North Pacific Animations: Jetstream - Surface Pressure/Wind - Sea Height - Surf Height


California Offshore Forecast
On Sunday (1/29) the models suggest protective high pressure to remain in control, giving up little ground over the coming week. The only exception is a weak front expected to pass through the San Francisco Bay Area late Monday allowing the potential for some south winds to Monterey Bay, otherwise a light wind regime to be in.cgiay. Another front is forecast early next weekend (Saturday 1/4) with a strong high pressure system forecast to build behind building the Cape Mendocino gradient and brisk north winds over exposed waters south through Pt Conception.

The detailed 5 Day wind forecast is now included with the surf & swell overview in the QuikCAST's.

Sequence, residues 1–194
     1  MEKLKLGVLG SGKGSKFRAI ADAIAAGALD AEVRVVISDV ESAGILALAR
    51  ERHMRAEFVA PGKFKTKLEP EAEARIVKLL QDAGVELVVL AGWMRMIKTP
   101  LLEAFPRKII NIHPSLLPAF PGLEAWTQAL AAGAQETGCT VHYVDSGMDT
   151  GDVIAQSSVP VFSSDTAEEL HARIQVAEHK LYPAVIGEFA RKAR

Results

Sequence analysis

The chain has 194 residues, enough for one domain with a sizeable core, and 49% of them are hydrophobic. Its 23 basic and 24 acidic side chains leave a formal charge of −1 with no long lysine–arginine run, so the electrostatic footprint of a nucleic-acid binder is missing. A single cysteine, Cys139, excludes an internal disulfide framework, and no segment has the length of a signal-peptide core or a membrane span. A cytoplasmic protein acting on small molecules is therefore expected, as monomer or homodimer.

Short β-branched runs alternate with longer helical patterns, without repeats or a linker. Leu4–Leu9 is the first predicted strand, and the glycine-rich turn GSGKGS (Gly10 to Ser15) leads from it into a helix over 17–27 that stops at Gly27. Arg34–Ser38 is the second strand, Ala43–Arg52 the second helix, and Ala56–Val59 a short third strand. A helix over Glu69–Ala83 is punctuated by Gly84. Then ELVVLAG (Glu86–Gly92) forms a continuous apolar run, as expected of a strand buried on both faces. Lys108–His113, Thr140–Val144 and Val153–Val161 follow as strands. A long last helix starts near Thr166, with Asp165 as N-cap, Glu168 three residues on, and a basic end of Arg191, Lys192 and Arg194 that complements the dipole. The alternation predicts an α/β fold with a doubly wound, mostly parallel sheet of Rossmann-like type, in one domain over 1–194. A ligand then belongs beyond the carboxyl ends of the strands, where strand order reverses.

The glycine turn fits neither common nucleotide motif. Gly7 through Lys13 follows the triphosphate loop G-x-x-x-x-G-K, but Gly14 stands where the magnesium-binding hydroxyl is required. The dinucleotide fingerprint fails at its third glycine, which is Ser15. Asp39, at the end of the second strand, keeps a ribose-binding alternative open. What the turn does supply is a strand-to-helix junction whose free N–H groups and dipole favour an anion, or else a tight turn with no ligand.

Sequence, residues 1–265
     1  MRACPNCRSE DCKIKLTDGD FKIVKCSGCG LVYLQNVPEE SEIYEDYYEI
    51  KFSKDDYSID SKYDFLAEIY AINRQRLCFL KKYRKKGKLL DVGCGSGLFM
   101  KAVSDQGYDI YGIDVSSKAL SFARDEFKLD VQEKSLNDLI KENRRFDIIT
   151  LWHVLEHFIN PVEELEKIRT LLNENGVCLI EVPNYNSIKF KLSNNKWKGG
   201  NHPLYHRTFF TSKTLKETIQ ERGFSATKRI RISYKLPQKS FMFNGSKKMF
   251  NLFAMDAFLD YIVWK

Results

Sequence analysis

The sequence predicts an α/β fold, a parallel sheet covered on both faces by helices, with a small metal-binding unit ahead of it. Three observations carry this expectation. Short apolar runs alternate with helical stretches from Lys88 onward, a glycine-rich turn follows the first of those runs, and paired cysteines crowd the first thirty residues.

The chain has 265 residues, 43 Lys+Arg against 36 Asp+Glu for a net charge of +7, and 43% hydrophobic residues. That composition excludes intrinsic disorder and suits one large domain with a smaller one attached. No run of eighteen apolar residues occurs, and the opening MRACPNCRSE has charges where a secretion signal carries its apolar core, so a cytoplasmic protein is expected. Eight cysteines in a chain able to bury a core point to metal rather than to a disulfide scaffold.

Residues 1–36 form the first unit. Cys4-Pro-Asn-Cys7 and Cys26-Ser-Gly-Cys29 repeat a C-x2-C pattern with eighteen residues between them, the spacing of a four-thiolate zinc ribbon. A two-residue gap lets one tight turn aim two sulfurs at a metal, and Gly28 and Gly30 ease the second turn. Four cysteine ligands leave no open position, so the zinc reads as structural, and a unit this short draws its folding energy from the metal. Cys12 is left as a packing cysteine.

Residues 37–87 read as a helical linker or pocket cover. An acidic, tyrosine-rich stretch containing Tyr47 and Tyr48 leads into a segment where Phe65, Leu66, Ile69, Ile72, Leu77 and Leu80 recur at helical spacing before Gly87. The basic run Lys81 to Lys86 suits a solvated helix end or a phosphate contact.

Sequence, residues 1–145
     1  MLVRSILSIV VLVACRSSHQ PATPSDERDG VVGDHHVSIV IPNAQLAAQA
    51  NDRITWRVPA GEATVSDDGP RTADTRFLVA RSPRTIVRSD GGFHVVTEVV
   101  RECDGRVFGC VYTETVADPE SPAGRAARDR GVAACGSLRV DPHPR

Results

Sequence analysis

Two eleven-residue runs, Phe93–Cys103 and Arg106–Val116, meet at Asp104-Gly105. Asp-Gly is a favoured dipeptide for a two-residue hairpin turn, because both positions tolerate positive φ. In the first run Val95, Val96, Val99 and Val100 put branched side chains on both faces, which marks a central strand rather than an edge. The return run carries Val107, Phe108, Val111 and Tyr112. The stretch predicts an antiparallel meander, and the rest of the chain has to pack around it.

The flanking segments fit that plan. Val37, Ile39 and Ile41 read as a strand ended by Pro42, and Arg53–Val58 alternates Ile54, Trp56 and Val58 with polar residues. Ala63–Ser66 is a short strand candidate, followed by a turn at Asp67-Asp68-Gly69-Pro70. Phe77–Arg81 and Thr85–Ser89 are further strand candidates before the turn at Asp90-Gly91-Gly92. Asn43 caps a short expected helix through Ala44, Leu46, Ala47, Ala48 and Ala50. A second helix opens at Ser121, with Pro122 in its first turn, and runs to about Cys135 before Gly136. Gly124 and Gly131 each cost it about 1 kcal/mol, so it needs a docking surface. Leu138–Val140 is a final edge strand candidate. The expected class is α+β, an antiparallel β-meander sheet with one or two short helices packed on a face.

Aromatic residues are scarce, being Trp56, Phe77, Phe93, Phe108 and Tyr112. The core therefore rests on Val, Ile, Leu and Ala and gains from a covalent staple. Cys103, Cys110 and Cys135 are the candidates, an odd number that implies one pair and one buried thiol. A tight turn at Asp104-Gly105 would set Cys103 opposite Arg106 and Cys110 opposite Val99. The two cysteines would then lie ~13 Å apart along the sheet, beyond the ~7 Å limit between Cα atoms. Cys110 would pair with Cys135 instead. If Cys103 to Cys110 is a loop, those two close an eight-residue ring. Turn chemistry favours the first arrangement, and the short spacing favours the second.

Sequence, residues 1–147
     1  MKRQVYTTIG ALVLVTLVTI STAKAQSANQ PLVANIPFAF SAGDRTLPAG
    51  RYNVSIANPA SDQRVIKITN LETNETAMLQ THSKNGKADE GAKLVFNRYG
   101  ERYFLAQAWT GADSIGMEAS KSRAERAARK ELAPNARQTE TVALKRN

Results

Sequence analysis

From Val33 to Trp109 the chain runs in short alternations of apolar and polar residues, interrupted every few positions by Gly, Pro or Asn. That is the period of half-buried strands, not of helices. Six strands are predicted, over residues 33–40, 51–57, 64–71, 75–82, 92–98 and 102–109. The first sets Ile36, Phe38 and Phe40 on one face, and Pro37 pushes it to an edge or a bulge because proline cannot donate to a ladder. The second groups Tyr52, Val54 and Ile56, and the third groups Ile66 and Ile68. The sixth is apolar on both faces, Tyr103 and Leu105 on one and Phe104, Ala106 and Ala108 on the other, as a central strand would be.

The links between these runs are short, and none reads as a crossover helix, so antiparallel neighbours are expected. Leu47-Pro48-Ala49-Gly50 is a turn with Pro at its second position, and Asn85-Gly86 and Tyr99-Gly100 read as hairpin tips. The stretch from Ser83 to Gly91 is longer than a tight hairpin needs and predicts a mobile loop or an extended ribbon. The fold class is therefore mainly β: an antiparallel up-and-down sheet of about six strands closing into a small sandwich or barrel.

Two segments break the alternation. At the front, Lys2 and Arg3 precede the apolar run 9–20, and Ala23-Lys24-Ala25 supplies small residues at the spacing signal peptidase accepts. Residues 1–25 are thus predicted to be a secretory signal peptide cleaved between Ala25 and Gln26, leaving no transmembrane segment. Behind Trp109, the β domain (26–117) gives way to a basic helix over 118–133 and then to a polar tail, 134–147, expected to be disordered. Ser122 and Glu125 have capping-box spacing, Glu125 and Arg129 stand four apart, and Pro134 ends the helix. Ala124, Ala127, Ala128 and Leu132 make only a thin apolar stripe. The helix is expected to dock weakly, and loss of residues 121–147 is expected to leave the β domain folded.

South Pacific

No swell producing fetch forecast over the next 72 hours.

South Pacific Animations: Jetstream - Surface Pressure/Wind - Sea Height - Surf Height




Marine weather and forecast conditions 3-10 days into the future

North Pacific

Beyond 72 hours a stronger storm is forecast developing off North Japan tracking towards the dateline on Thursday (2/2) with pressure down to 956 mbs. 60-65 kt winds forecast in the storms south quadrant at 43N 173E aimed east at California up the 297 degree path and 35 degrees east of the 319 degree path to Hawaii. This storm to hold solid through Friday AM (2/3) as it crosses the dateline with a broad fetch of 55 kt winds aimed east with 46 ft seas forecast aimed well towards California but with sideband energy likely heading southeast towards Hawaii. Then by evening a rapid decline to set in with only 40-45 kt winds left by Saturday AM and fading fast from there. 47 ft seas forecast Friday AM pushing down the 297 degree path to Ncal down to 43 ft by Saturday AM. It's still quite a ways off but this could be Storm # 13. Significant class swell would be expected for both Hawaii and California if this develops as expected.